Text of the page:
Hon. Onyura. Hon. Members, you will be a little patient. We are aware time is about over and so we will wait for the time. It is probably two more Members.
Thank you, hon. Temporary Deputy Speaker for giving me this opportunity. I rise to support this Bill and as I do so, first and foremost, it is indicated that it is an Act of Parliament amending the Children Act but, as shown as in the Memorandum of Objects and Reasons, it is really to give effect to the Constitution.
Hon. Temporary Deputy Speaker, I am aware that as we go along, we will need this kind of initiative so that we align the Acts and laws that we have to the Constitution.
Secondly, hon. Temporary Deputy Speaker, I think anything that is in the interest of children is something that we should support and give priority. That is because, as we keep on telling them, this is our future generation, leaders, citizens and so on. So, we really need to take care of them right from the beginning. We should give them a good start and grounding right from the beginning.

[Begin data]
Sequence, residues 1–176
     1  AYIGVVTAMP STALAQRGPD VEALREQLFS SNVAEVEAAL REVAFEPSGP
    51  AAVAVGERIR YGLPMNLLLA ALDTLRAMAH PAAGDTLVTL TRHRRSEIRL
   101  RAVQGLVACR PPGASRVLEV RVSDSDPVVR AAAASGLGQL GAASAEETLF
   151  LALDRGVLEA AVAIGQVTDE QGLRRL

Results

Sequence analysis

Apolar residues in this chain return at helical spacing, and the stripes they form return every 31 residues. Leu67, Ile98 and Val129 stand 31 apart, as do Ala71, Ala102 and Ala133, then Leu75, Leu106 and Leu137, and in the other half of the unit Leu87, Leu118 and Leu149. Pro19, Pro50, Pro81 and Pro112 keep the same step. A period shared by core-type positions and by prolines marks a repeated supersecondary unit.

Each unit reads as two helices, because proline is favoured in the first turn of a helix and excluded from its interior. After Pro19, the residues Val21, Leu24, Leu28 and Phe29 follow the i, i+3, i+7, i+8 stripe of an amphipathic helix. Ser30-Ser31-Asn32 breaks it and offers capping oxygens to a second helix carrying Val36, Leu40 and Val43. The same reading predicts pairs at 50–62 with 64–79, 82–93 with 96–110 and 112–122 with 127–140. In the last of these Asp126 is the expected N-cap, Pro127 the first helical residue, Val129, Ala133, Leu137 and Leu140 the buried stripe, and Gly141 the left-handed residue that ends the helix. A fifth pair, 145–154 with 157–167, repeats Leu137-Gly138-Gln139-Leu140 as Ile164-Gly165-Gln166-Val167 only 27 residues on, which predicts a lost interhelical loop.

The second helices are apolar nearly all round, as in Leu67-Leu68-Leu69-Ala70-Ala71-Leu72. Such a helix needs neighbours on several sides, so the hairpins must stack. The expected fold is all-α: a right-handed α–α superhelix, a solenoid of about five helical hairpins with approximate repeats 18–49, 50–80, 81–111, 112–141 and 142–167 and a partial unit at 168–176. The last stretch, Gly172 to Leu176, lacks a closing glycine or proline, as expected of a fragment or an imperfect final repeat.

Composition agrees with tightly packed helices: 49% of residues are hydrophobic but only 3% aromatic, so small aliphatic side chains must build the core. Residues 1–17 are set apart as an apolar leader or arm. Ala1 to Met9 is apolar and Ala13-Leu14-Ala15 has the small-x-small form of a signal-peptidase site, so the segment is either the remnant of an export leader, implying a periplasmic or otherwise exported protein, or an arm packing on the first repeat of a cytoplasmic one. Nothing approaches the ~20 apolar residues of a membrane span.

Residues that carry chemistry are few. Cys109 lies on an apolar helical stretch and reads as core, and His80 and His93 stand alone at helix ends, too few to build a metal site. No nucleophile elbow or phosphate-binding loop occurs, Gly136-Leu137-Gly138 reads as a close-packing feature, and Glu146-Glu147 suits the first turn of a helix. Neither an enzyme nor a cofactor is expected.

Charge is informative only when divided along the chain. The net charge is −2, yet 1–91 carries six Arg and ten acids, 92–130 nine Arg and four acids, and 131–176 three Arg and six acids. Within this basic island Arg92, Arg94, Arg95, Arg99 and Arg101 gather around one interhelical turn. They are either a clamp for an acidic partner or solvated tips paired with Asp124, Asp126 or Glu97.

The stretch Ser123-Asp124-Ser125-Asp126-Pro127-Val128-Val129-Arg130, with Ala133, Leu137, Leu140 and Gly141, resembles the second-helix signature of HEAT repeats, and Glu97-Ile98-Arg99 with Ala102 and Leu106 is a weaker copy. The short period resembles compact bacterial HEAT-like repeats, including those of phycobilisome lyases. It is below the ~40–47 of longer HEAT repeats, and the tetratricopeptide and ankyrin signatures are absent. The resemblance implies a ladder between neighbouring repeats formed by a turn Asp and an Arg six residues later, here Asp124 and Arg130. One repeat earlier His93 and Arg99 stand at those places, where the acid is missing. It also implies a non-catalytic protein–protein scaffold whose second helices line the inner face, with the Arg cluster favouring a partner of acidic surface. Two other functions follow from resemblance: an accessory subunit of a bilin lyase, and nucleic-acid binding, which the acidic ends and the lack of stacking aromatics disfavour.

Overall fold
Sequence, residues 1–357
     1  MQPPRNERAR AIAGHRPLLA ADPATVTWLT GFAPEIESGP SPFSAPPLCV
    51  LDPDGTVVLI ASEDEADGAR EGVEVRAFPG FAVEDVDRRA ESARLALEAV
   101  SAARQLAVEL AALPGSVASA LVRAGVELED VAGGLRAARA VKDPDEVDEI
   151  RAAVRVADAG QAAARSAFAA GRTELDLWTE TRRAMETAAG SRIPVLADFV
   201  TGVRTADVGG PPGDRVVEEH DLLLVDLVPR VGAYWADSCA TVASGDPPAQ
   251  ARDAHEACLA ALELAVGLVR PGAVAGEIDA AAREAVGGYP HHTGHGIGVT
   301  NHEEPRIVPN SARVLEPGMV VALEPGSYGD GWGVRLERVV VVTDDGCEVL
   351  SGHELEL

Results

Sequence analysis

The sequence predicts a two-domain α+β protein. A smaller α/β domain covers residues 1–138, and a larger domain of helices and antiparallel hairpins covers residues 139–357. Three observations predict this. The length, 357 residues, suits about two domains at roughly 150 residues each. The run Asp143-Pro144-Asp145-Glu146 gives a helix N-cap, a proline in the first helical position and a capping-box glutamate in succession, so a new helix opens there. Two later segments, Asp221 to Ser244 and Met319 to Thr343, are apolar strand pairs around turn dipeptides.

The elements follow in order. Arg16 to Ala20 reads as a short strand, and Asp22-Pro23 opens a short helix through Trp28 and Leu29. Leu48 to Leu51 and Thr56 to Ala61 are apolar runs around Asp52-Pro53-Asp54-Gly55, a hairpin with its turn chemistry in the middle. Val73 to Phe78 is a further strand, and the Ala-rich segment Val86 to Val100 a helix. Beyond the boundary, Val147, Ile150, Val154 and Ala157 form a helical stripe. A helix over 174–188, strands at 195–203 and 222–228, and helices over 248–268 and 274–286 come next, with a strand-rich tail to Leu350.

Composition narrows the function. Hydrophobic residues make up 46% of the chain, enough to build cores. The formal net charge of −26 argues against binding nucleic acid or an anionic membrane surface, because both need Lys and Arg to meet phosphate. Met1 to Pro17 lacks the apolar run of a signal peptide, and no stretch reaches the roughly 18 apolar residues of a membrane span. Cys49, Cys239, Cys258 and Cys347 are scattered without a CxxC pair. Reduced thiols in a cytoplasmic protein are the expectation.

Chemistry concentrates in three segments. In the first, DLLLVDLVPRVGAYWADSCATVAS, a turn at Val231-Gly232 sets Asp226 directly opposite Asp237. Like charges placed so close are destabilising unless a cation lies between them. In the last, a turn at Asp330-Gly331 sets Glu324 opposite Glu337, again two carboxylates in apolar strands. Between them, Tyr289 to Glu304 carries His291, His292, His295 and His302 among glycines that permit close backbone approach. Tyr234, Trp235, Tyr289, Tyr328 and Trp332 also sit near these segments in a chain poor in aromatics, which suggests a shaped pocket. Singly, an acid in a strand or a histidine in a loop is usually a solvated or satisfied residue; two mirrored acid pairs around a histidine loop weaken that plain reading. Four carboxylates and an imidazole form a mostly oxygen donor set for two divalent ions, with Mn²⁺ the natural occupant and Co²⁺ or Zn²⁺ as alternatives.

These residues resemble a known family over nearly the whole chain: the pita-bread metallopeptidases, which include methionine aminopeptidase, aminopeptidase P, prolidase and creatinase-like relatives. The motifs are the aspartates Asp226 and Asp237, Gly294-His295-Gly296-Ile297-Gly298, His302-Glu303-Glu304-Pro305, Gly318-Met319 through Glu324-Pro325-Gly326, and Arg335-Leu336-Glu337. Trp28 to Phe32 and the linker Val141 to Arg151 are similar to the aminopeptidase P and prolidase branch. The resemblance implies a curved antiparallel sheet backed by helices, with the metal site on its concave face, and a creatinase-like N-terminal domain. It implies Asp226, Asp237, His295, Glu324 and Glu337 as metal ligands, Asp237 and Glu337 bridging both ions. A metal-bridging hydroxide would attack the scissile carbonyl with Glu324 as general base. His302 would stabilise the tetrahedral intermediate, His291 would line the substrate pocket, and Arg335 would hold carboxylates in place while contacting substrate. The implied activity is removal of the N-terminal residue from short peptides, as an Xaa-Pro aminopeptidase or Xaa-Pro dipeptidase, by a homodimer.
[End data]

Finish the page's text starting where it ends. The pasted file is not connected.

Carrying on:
Hon. Temporary Deputy Speaker, I think it is only right to say that children are innocent when it comes to bringing them up and developing them. It must be the responsibility of both the father and the mother. With the breakdown of traditional systems, cultural and traditional values, it is important that legislation takes over.
Hon. Temporary Deputy Speaker, in some communities like the Luhya – and that is where I come from – that is obvious. It is just obvious that when you sire a child, it is your responsibility. But I think with the breakdown of such systems, it becomes important that some other mechanism be found, including this legislation, to take care of the children. That is so that as you engage in any activities--- We were told at one time that choices have consequences. So, if the consequence of your choice is conception of this child, I think that they have every right to expect to be cared for.